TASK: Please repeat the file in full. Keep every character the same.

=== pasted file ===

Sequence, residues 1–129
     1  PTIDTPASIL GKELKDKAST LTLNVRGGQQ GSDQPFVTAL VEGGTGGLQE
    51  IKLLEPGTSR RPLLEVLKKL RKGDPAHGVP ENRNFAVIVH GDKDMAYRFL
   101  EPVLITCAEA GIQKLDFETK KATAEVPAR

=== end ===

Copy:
Sequence, residues 1–129
     1  PTIDTPASIL GKELKDKAST LTLNVRGGQQ GSDQPFVTAL VEGGTGGLQE
    51  IKLLEPGTSR RPLLEVLKKL RKGDPAHGVP ENRNFAVIVH GDKDMAYRFL
   101  EPVLITCAEA GIQKLDFETK KATAEVPAR